A wireless LAN connection has low signal strength, drops or acts erratically.
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Interference from a 2.4 GHz or 5 GHz telephone may cause connection issues when using a 802.11a, 802.11b, 802.11g, or 802.11n wireless network (WLAN). These wireless standards use the same frequencies. Other wireless devices such as Bluetooth® devices, baby monitors, garage door openers, microwave ovens or wireless toys may cause interference. Also, large power transmission lines or metal surfaces such as walls or desks may interfere. The connection issues may include pauses, disruptions or other erratic behavior with the wireless network.
The following are some suggestions that may resolve the issue:
- Change the location of the wireless router or the base station of the cordless phone.
- Change the channel used by the wireless router.
- Operate the phone with the antenna lowered if that option is available.
- Use a cordless phone that operates on a frequency other than 2.4 GHz.
- Limited the use of Bluetooth devices or turn off the Bluetooth adapter in the computer.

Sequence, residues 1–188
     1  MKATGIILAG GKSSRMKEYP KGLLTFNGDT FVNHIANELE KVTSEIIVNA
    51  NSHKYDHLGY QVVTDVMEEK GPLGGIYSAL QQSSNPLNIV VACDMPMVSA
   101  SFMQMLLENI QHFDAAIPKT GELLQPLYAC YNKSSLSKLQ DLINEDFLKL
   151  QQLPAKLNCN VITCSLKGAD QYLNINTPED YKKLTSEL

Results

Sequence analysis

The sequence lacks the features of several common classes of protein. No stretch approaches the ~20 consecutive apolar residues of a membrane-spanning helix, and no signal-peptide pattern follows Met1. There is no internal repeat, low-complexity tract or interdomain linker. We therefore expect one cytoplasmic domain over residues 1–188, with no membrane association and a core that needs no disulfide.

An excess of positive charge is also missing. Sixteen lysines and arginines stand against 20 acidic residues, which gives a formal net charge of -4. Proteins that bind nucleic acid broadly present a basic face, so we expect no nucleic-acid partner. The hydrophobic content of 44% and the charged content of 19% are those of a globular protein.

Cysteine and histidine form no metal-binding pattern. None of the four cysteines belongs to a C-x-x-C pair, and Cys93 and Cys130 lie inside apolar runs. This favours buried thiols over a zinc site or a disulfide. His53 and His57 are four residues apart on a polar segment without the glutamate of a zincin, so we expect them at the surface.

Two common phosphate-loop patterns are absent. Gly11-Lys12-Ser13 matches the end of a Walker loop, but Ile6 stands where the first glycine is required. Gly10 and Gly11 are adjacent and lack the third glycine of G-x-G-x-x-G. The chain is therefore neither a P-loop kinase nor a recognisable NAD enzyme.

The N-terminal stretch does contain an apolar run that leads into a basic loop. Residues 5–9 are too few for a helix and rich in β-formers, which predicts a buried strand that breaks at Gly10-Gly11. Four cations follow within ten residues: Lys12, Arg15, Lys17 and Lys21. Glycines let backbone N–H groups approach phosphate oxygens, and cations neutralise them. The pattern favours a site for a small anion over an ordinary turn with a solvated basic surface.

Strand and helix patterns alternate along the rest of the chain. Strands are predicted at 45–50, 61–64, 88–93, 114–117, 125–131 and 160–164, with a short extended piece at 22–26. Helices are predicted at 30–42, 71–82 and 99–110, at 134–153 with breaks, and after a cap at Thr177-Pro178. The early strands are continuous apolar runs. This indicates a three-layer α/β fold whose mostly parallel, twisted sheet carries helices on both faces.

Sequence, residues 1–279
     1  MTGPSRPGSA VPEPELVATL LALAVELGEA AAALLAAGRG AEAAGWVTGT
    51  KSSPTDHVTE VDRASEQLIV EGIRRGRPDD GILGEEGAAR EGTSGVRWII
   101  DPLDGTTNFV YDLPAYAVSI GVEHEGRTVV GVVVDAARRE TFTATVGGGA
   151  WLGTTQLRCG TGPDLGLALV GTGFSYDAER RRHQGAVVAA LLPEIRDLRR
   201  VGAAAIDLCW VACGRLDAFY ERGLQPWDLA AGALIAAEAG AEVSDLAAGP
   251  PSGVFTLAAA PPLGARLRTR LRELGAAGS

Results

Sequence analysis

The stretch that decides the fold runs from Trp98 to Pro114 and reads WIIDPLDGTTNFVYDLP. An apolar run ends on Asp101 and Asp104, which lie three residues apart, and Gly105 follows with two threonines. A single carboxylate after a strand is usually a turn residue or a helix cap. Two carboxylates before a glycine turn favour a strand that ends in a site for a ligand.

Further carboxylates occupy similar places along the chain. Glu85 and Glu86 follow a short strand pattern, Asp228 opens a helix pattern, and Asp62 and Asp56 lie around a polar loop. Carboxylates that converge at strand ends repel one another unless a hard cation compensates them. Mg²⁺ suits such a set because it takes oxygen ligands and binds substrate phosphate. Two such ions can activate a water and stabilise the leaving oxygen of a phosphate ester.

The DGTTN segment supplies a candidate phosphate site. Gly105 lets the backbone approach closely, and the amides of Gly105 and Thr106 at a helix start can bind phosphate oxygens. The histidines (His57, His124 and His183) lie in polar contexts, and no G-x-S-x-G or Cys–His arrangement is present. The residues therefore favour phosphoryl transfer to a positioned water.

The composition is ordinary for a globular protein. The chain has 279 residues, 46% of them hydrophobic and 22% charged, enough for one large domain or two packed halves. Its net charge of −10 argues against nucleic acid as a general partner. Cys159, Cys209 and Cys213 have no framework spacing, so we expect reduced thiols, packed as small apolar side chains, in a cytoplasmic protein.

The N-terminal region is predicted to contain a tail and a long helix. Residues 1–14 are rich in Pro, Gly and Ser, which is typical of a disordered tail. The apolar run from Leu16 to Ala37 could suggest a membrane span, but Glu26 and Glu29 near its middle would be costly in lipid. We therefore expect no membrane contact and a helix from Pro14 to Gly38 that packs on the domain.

- This issue also can occur if you are connected to an unsecured wireless network, or a Guest network. If you are using a wireless connection, make sure you are connected to a secured Wi-Fi® network (indicated by a lock icon) in the Wi-Fi settings list.
- For information on changing the channel of a wireless router or access point consult the manual included with the device or contact the manufacturer directly.
- Many 2.4 GHz and 5 GHz cordless telephones operate with what is called frequency hopping technology. This technology utilizes the entire frequency range also used by 802.11a, 802.11b, 802.11g and 802.11n wireless devices. Thus changing the channel of the wireless router may not eliminate the interference problem.